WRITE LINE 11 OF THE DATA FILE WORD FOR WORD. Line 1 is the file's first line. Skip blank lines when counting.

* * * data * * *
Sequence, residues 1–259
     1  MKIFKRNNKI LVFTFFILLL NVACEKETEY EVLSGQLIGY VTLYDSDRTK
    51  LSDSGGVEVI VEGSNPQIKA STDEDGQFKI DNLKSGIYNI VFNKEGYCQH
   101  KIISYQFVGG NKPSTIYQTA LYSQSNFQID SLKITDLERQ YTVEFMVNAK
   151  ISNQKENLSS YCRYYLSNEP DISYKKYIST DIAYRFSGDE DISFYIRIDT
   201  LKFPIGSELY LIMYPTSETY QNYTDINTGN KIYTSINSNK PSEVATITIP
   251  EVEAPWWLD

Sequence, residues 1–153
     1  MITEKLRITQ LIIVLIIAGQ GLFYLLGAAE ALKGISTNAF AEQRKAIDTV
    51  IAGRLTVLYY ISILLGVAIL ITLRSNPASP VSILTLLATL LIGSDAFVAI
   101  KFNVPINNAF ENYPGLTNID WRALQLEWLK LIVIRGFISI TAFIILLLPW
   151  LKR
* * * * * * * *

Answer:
   101  KFNVPINNAF ENYPGLTNID WRALQLEWLK LIVIRGFISI TAFIILLLPW